Title: Seventh Decimate
Series: The Great God’s War #1
Author(s): Stephen R. Donaldson
Release Date: November 14th 2017
Stephen R. Donaldson returns with a new trilogy that fails to break new grounds, but remains a typical and captivating adventure that will decide the fate of countless people. Seventh Decimate merely sets the table to a potentially exciting sequel as we follow Prince Bifalt and his arrogant self into treacherous grounds.
The author of one of the most hated anti-heros in fantasy, Thomas Covenant, from his famous trilogy, The Chronicles of Thomas Covenant the Unbeliever, presents us with the first book in his latest trilogy, The Great God’s War. Seventh Decimate is in fact my first encounter with the author’s writing, and unfortunately I just wasn’t blown away by what was delivered. However, the story still manages to hold onto my gaze until the ending. That will have to be my one and only sign that this series can definitely get better if Stephen R. Donaldson plays his cards right.
The story tosses you right in the middle of a war between the realms of Belleger and Amika. Magisters (sorcerers) are present in both camp and draw their powers from six different Decimates of sorcery. From fire to wind, they use their unique skills to wreak havoc on innocent lives. However, the Amikans have succeeded in using the seventh Decimate which strips away all lesser magic. Prince Bifalt, son of King Abbator of Belleger, however plans on reversing the circumstances by discovering a hidden repository where a book containing the seventh Decimate can be found. The fate of his people now lies in his hands, but the path to this repository is no walk in the park.
Prince Bifalt was not a character that you could easily warm up too. He is hot-headed and incredibly arrogant. He is reckless and makes mistakes more often that you’d imagine. There’s honestly nothing about him that inspires love or respect from me, and I have the feeling that author wanted to portray him as such so that his development would feel dramatic. That however still didn’t redeem his character further along the line as he had grown into a disgrace too quickly. Burning with a red hot hate for sorcerers and anyone who comes from Amika, the only thing that really kept me going is my own desire to see how he’d change or what would happen to him.
Where the story really failed for me is the world-building. Stephen R. Donaldson contents himself with the simplest of setting. Nothing in this story stimulates your imagination and everything is kept at a minimum. Fantasy stories that don’t attempt to put colour and life into their world can only go so far. With characters here and there who are quickly described and settings limited to places like deserts, mountains and woods, Seventh Decimate is not one that wants to transport you to magical places. In fact, this is merely a standard fantasy quest where a group of characters go from point A to point B and have a couple obstacles along the way. Then again, this kind of story has its upsides. After all, I was still curious enough to reach the ending.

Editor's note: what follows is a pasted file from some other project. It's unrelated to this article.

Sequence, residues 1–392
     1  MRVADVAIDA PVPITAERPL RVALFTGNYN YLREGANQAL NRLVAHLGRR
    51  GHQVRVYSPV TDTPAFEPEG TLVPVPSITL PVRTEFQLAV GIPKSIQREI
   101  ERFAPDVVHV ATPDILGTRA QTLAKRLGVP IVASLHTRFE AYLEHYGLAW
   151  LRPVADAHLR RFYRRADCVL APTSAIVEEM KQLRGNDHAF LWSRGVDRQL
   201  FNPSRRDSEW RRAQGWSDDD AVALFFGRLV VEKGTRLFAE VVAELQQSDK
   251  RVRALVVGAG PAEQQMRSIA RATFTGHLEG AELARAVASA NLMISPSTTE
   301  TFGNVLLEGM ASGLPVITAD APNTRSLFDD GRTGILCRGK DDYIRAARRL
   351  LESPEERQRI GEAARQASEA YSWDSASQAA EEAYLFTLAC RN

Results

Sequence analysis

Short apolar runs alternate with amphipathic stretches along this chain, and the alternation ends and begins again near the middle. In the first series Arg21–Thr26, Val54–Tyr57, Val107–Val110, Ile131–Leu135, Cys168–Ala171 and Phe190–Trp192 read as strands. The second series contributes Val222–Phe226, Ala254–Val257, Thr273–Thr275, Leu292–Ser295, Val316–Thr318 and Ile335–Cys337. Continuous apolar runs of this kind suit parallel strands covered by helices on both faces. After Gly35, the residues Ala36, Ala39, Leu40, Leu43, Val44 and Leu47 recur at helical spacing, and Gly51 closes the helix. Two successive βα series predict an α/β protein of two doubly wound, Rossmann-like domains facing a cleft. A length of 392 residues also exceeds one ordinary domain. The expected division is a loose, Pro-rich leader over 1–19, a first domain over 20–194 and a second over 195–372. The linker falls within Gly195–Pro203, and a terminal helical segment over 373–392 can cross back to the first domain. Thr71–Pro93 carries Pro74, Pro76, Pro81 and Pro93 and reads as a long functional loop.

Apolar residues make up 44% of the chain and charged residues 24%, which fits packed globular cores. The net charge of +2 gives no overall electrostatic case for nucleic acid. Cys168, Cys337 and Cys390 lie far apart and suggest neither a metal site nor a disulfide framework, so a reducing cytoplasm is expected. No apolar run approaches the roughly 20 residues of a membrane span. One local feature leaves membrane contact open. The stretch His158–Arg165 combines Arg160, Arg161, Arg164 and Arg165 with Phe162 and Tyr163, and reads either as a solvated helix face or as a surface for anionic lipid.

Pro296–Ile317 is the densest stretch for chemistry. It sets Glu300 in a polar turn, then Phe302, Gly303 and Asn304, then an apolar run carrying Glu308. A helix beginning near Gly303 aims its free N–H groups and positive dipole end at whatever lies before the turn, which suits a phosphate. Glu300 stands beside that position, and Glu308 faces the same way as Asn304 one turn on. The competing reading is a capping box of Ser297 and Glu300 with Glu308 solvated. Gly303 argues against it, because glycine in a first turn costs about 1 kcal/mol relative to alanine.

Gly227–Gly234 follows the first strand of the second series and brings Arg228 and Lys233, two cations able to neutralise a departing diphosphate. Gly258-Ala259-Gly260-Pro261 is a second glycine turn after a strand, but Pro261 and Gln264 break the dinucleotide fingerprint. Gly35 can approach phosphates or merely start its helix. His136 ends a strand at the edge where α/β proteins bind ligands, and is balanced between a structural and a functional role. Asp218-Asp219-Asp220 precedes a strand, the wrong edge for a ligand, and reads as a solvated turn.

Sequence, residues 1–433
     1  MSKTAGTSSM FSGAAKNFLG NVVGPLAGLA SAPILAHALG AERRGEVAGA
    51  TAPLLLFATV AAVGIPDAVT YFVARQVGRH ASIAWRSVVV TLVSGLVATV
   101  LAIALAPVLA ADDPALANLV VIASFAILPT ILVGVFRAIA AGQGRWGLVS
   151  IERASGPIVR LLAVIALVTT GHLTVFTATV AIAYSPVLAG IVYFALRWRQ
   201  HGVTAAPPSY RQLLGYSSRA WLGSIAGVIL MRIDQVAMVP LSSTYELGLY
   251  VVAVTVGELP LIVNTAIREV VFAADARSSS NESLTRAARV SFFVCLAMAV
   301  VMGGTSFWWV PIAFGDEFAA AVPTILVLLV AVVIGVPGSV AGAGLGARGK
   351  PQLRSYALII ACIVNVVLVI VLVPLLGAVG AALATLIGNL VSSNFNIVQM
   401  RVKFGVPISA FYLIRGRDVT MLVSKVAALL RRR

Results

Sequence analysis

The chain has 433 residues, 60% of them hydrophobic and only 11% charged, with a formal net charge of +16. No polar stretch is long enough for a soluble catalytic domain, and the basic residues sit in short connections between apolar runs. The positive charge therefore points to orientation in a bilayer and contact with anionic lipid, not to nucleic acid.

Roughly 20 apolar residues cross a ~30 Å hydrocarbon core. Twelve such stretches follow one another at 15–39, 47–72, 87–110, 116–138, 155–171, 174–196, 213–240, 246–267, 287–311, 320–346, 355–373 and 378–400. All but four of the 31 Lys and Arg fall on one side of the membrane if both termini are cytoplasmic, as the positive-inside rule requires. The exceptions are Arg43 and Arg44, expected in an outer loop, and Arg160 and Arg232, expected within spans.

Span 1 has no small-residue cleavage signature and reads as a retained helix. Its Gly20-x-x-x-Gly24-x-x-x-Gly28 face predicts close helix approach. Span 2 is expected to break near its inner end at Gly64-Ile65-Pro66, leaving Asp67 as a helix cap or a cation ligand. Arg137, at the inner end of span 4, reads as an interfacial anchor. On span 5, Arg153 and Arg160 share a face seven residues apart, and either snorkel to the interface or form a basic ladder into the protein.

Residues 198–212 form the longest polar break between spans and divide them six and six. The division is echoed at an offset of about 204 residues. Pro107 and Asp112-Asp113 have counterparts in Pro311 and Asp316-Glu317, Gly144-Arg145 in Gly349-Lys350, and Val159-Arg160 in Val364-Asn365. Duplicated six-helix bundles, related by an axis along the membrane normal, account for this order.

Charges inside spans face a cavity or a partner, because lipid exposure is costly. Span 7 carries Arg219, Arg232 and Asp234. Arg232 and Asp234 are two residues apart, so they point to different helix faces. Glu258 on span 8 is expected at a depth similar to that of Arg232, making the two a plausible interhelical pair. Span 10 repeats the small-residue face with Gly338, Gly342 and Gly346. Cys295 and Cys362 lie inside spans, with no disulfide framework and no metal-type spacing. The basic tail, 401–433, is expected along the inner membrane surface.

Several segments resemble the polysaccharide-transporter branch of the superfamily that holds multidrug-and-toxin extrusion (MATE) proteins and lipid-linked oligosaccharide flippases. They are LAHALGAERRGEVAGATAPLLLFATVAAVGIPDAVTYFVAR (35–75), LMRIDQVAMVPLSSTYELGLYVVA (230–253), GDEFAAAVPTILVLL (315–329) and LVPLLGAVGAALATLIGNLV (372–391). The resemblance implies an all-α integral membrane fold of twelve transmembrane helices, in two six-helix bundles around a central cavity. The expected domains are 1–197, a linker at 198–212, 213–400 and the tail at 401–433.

Another element of the world-building that sort of felt awkward was the fact that Belleger had guns and guns were their ultimate weapons against sorcerers. Guns are a new invention and the author introduced it as a weapon that was only at its first uses, so flaws to their prototypes were explored, as well as the many uses of gunpowder. It came off weird to see guns go up against sorcerers, but as the story progressed, you just couldn’t help but succumb to the idea and indulge it. Bellegers were also not used to mystical beings, making them seem like they lacked a lot of knowledge, but the story does slowly introduce these ideas and use the protagonist as a learner. It felt like there was a lot of development and ideas that could’ve been better fleshed out in this story, but Stephen R. Donaldson simply restrained himself.
Seventh Decimate turned out to be a standard and typical fantasy story that stayed close a plot featuring a big quest and a protagonist who’ll learn a lot from this experience. His exceptional case also drives him forward into places where you just have to question if there’s anything that he does that is left to his own will or if he is simply a pawn in this whole war. Although Stephen R. Donaldson’s new trilogy kicked things off in an unspectacular fashion, I still have hope that its sequel might pick up all the right parts and make a great mosaic out of it.
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MY OVERALL RATING: ★★★☆☆
Have you read it yet? Do you plan to? What do you think about Seventh Decimate?
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Till next time,